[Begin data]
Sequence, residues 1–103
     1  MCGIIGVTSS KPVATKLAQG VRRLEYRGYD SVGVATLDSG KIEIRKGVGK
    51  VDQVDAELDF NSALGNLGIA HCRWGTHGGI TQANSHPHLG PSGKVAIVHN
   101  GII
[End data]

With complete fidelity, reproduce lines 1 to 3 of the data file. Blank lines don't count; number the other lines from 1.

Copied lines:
Sequence, residues 1–103
     1  MCGIIGVTSS KPVATKLAQG VRRLEYRGYD SVGVATLDSG KIEIRKGVGK
    51  VDQVDAELDF NSALGNLGIA HCRWGTHGGI TQANSHPHLG PSGKVAIVHN